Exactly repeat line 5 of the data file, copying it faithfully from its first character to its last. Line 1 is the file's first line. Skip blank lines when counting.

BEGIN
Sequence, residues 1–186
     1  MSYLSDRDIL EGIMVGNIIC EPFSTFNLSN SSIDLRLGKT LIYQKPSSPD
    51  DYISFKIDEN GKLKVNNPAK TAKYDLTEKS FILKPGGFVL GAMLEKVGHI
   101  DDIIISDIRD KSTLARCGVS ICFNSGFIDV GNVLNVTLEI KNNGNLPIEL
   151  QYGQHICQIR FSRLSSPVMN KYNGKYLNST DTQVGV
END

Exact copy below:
   151  QYGQHICQIR FSRLSSPVMN KYNGKYLNST DTQVGV